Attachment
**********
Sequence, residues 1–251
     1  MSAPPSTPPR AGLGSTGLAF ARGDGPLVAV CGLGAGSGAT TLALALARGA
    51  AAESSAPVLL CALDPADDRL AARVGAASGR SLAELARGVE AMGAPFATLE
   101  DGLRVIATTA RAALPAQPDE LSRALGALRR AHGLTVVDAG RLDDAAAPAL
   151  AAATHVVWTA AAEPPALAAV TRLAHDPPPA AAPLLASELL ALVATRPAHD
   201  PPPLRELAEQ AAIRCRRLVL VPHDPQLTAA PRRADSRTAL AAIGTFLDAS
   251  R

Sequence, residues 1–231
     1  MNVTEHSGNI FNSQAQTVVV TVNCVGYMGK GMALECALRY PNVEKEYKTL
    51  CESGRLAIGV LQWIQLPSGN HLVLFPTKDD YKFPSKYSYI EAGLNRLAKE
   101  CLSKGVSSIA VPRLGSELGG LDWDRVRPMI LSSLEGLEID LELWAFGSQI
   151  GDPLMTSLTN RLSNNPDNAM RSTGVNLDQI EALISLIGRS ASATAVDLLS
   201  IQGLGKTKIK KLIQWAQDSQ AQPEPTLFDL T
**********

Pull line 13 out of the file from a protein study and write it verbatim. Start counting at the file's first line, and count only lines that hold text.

   201  IQGLGKTKIK KLIQWAQDSQ AQPEPTLFDL T